Encaustic Experimenter

There’s an old saying that a man who acts as his own lawyer has a fool for a client.

Artist Donna Brown at her White Barn Gallery in Baileys Harbor.

Donna Brown is proof that it doesn’t necessarily apply to self-taught artists. She’s had no training, except for workshops in areas that interest her – and those interests are many and widely varied. Or, as Brown says, “I like to play with a lot of things.” Probably best known for her watercolors, especially flowers and especially irises, she has moved from there in many other directions.

Donna, her husband and their young children moved to Door County in 1994, and she opened her White Barn Gallery at 2496 Meadow Road, just off Highway 57 north of Baileys Harbor. Until she became established as a local artist she spent years taking her paintings to art fairs all over the Midwest.

“After watercolor, printmaking was my second love,” she says, “but I was still working with paper. I do have an affinity for paper.” She has two presses for printmaking in her studio and also teaches classes at Woodwalk Gallery near Egg Harbor, where there’s more room for students.

Oil painting came next, and Brown painted oils on paper for 10 years before beginning to work on canvas. Still, her subjects were from nature. In fact, everything on her studio walls, shelves and other surfaces, as well as the flowers around the entrance reflect her love of the outdoors.

About 18 months ago, she began playing with another idea that involved small items found in nature, paper, oil pigment (sometimes) and encaustic (hot) beeswax that is kept molten on a heated palette. It is applied to an absorbent surface – generally wood, canvas or cloth – and then reheated to fuse the paint. The word encaustic originates from the Greek word enkaustikos, which means to burn in, and this element of heat is necessary for a painting to be called encaustic. This technique was used by the Egyptians around 100–300 AD, as a medium to do portraits of people for their sarcophagi, and also by the Phoenicians to decorate and seal their boats.

A pair of encaustic earrings.

There has been a resurgence of interest in encaustic art since the 1990s, and the internet has many sources for pricey special tools and electrical palettes used to heat the wax. Brown finds that used crockpots, skillets and pancake griddles from resale shops work just fine. She has also found that the method translates well to creations on paper. “I thought I was the only one using it on paper,” she says, “until someone brought my attention to a book about it. Because I usually work alone, my creations are probably unique, but it’s fun to see what others are doing.”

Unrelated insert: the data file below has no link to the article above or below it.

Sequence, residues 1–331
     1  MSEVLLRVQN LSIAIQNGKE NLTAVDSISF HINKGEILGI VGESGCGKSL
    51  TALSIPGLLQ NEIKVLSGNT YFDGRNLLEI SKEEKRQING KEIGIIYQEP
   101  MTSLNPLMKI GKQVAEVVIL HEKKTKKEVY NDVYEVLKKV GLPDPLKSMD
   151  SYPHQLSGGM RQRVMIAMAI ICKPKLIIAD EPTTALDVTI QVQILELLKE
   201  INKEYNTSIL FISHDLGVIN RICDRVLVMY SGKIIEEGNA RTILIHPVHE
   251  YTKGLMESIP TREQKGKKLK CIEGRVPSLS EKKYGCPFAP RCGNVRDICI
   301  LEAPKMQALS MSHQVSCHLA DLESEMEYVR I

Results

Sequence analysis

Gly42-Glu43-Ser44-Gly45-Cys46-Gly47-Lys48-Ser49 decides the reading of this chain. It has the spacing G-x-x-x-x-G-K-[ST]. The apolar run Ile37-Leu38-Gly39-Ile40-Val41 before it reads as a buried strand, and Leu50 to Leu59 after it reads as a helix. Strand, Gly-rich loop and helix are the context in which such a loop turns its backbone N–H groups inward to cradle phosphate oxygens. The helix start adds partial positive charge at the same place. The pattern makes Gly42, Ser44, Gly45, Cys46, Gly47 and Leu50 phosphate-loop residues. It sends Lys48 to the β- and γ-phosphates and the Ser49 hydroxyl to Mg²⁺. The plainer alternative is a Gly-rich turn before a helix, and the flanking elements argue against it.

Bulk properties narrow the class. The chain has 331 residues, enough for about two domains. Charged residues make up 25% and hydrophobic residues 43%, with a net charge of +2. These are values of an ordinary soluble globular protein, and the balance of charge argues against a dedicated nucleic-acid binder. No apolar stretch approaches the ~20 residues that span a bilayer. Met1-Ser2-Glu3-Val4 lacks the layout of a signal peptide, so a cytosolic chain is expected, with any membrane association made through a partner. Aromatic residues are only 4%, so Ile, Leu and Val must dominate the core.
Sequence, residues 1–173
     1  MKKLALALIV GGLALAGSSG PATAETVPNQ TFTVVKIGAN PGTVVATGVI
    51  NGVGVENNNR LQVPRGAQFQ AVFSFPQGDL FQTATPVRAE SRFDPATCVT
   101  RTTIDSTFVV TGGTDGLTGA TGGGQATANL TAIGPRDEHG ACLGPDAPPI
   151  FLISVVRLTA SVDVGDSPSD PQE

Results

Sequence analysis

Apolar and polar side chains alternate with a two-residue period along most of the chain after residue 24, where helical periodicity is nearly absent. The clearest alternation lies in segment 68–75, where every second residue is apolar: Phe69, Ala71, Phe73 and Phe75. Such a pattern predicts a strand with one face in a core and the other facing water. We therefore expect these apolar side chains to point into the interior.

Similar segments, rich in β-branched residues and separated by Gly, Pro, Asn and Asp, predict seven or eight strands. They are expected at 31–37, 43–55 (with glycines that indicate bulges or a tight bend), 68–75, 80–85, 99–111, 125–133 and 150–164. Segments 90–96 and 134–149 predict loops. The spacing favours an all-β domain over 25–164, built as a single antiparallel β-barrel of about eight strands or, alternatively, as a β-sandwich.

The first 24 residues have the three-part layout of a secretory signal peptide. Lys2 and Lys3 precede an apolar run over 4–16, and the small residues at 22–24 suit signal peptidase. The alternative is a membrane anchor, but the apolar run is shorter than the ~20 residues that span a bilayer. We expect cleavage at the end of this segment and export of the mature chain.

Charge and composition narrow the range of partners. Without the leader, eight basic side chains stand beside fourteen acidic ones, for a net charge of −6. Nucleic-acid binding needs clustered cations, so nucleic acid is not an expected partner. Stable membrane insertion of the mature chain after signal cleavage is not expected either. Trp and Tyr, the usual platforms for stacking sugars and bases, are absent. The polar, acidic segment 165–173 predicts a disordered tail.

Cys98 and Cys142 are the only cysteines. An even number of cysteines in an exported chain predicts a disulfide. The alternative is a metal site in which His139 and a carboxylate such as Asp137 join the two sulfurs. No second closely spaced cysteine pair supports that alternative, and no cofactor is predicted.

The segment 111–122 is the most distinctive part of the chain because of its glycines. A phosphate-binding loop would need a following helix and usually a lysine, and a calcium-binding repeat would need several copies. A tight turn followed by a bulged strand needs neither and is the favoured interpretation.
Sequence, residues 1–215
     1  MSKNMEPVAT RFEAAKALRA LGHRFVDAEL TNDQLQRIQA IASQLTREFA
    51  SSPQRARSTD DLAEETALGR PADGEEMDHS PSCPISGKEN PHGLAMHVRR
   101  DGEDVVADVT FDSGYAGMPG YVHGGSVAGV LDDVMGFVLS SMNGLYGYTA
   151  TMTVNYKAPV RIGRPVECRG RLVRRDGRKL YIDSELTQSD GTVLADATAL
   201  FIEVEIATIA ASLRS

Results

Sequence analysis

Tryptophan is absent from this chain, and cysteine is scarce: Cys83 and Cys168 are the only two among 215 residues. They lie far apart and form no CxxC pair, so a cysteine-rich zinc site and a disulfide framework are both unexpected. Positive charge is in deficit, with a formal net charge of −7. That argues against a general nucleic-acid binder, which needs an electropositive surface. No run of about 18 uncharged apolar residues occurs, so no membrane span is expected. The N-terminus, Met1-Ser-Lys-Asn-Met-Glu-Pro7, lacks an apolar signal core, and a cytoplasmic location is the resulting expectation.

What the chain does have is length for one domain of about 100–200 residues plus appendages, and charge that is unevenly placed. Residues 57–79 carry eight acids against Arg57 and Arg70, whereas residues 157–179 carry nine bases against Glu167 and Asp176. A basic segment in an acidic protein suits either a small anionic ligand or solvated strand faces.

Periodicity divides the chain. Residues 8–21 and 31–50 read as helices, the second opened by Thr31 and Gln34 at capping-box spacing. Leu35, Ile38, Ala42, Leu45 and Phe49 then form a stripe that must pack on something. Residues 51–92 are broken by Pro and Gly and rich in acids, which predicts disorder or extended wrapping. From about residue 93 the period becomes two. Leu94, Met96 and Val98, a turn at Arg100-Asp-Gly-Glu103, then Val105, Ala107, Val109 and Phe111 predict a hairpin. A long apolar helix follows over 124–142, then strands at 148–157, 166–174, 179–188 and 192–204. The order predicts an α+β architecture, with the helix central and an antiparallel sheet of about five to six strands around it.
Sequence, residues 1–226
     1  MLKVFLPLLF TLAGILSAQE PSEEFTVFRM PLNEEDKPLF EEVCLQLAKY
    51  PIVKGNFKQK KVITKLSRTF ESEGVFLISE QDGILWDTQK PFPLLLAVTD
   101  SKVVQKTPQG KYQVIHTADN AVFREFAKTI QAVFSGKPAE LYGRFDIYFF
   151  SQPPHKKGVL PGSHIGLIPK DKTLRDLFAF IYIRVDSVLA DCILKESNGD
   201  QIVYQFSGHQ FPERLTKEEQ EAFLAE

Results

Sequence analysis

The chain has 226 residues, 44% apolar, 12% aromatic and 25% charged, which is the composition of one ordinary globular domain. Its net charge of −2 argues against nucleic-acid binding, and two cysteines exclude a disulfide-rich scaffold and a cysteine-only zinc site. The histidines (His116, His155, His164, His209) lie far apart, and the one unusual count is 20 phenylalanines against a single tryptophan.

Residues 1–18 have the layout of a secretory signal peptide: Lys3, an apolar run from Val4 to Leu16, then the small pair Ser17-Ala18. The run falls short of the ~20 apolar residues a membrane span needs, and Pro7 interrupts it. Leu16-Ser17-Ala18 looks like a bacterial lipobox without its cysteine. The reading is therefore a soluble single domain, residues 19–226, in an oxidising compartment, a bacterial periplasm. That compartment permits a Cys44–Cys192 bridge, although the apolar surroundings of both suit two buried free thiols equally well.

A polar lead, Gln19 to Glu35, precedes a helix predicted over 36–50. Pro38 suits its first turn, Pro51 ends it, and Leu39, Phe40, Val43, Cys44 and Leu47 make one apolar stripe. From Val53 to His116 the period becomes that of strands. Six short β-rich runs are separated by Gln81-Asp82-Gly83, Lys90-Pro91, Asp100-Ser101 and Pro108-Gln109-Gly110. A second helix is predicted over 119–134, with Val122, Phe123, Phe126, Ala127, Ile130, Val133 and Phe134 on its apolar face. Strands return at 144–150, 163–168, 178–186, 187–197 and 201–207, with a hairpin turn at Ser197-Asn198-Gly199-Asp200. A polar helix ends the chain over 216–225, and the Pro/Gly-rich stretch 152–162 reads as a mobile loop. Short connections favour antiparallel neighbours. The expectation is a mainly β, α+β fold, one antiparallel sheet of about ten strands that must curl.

Brown was intrigued with the idea of using encaustic wax to imbed tiny objects found in nature into paper to create earrings. A display on her gallery wall shows dozens of pairs featuring leaves, bits of bark and other items. “I found with some experimentation that working with wax on paper is an entirely different animal,” she says, “but I love how the natural materials I like to pick up come together with the fluidity of the wax. I am having incredible fun!

“I like to take walks, find a pretty leaf and know that I can do something with it – sort of like kids who iron leaves between sheets of waxed paper. I don’t plan things. They just seem to happen when I’m open to ideas and am willing to start experimenting with the ‘tools’ of different mediums.”

What happened in this case was a set of lovely big earrings. They have the appearance of stone or ceramics, but are as light as, well, paper. “People hear that they’re made with wax and wonder if they’ll melt,” Brown says. “No, they’re very stable because of a bit of resin mixed with the wax.”

At first, she used only tiny leaves to create the earrings. “It wasn’t easy to find two exactly alike,” she says. “Then I thought, ‘Hey, everything doesn’t have to be a leaf. There are all sorts of things in nature that will work, too. And I can paint on some of them.’”

Now she has a growing supply of found objects waiting to become art. Along with her own discoveries are dozens of items donated by other people who have heard about what she’s doing. The encaustic art is showing up in other dimensions, too. Photos are coated with the wax and paint, such as the birch tree with highlights of metallic pigment.

“Nuthatch,” a sculpture made with wax-saturated paper and found materials.

It should surprise no one that Brown’s current fascination with creating jewelry from bits of natural materials, wax, paper and paint has led to yet another art form. She’s begun to sculpt with malleable, wax-saturated paper. So far, she’s created families of robins in two real nests with sculpted mothers and incredibly tiny babies. One group is left in its natural state, the other realistically painted. There’s also a chunk of honeycomb with several little wax bees hovering above it on thin wires. And she’s working on three sculpted ballerinas, that she pictures hanging and floating in front of a series of her art.

Always “playing” with ideas. Always experimenting. Always seeing in what new way she can apply her skills. When the next long-time customer comes by the White Barn Gallery and asks, “So, what are you doing now?” there’s no telling what Donna Brown’s answer may be.

White Barn Gallery is located at 2496 E. Meadow Rd. in Baileys Harbor. The gallery is open seasonally mid-May through mid-October. For more information call 920.839.2883 or visit